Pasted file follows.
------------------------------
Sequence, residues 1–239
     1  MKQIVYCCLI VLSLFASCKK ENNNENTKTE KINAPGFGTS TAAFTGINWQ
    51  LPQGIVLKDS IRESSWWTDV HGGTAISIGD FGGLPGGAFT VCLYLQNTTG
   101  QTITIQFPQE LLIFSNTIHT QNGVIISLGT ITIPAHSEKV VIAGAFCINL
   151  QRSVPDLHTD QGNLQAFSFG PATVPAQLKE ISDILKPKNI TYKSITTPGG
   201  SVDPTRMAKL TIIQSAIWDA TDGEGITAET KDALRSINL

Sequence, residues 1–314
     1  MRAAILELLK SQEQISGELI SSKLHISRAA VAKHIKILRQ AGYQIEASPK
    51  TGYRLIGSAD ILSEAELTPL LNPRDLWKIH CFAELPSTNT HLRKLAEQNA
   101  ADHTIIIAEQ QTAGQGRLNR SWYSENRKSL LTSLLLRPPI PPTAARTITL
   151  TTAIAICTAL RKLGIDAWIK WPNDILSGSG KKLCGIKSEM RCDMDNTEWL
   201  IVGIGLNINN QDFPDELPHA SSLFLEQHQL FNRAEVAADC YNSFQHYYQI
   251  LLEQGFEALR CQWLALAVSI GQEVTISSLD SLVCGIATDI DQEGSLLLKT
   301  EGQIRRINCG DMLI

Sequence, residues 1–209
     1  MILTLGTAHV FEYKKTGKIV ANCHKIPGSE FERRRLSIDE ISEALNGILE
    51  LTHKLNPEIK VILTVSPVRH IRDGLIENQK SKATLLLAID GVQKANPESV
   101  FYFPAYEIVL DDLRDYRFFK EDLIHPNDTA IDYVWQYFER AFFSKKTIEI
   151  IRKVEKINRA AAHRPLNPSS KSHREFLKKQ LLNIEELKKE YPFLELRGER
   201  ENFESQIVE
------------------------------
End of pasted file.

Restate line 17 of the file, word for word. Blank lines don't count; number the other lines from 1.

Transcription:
    51  LTHKLNPEIK VILTVSPVRH IRDGLIENQK SKATLLLAID GVQKANPESV